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I know that you can use java.util.Properties to read Java properties files.

See: http://stackoverflow.com/questions/212539/java-equivalent-to-app-config

Is there a standard place to put this file? In .NET we put application.exe.config in the same directory as application.exe. The application looks for it here by default.

Java can be made to look for a properties file in the class path but I am struggling to understand the filename/path structure to use and how to use either a standard .properties format or XML format file.

Assuming I have an API packaged in org_example_api.jar (the root package is org.example.api). I don't want to put the properties file inside the jar as it should be editable by the user. I want the user to be able to put the required configuration properties in either a .properties or .xml file somewhere relative to the classpath so I can find it without needing to know anything about the ir file system structure.

Will this work on all systems:

/classpath/org/example/api/config.properties OR


java.util.Properties = ? //NEED SOME HELP HERE
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3 Answers 3

up vote 2 down vote accepted

This purely depends on the type of application you are developing.

1) If it is a web application the best place is inside the WEB-INF/classes/ folder.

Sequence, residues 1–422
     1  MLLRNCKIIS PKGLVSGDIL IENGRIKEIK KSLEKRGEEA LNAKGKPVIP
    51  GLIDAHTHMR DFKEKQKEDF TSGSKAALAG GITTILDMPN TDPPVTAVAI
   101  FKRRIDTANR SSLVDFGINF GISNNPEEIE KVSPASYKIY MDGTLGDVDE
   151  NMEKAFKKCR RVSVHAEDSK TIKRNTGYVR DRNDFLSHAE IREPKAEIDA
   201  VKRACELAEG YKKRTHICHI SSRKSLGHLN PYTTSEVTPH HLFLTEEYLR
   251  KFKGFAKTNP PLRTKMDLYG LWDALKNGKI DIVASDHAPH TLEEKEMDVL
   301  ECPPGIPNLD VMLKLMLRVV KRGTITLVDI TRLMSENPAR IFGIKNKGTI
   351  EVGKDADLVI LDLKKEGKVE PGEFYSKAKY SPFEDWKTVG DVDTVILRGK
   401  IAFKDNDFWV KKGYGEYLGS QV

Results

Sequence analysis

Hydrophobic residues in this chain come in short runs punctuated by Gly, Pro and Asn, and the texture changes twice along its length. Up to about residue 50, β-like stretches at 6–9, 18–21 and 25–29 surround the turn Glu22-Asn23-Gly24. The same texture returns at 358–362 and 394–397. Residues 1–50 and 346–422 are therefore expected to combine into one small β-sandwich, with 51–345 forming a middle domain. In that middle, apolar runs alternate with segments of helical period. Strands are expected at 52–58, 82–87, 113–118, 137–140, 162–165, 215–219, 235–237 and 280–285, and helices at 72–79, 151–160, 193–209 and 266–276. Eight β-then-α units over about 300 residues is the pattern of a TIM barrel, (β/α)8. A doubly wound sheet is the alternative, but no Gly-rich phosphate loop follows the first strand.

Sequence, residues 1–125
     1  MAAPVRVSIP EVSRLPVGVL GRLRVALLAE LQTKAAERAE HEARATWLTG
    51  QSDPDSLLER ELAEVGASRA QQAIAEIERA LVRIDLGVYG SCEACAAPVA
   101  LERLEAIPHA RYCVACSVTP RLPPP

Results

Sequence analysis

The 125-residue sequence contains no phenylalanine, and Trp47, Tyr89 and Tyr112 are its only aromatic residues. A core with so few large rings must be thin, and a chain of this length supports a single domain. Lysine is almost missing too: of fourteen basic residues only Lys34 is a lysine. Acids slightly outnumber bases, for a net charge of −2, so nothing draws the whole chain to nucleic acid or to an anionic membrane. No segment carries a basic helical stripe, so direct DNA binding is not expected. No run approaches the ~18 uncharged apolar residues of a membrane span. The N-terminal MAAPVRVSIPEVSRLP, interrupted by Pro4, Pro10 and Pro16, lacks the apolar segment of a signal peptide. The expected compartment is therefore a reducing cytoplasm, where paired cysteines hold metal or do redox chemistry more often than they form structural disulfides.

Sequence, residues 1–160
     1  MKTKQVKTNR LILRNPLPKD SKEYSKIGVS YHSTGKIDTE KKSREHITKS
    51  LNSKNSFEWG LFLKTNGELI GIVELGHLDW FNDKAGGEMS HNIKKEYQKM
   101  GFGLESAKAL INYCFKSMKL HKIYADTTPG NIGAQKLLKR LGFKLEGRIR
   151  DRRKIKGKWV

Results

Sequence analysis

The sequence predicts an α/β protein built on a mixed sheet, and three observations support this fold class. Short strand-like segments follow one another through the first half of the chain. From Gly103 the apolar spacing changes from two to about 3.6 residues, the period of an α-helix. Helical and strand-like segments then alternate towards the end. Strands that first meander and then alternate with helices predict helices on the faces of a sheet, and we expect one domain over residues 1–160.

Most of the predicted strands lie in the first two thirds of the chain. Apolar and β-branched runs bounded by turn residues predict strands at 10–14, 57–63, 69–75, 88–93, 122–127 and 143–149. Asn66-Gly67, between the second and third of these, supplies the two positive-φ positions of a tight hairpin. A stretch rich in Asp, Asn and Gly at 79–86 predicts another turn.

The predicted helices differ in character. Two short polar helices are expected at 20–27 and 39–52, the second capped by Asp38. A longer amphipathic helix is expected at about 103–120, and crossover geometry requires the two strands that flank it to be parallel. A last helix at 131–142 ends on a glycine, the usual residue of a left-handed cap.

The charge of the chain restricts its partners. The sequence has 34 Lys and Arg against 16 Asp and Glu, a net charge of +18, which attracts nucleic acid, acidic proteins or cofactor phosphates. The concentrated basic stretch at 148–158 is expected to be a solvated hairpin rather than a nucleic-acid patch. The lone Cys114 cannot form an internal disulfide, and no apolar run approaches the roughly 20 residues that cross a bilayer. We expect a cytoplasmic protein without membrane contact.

2) If you are developing a standalone application there are many approaches. From your example I think the following structure will work.


In the run.sh you can start the java application providing the current directory also in the classpath. Something like this.

java -cp .:org_example_api.jar ClassToExecute

3) If it is an API distribution it is up to the end user. You can tell the user that they can provide the config.xml in the classpath which should follow some predefined structure. You can look at Log4J as an example in this case.

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The world is wide open to you here. The only best practice is what works best for you:

  1. Whatever program the user is running can require the path to the properties file as an argument
  2. Your application can be configured to look in the current directory for config.properties.
  3. If the file can't be found, you could maybe fall back to the user.home directory, or fall back to wherever your application is installed.

Personally I usually have my applications attempt to read properties files from the classpath - but I'm not in a world where I have end-users update/change the file.

Whatever option you choose, just make sure you clearly document it for your users so they know which file to edit and where it needs to be!

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You can put the properties file in a directory or JAR in your CLASSPATH, and then use

InputStream is = getClass().getResourceAsStream("/path/goes/here");
Properties props = new Properties();

(I noticed you mentioned this in your OP, but others may find the code useful.)

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getClassLoader() is probably redundant, as Class<T> has getResourceAsStream() . –  Powerlord Apr 9 '09 at 17:56
Thanks! Edited my answer accordingly. –  joev Apr 9 '09 at 18:41

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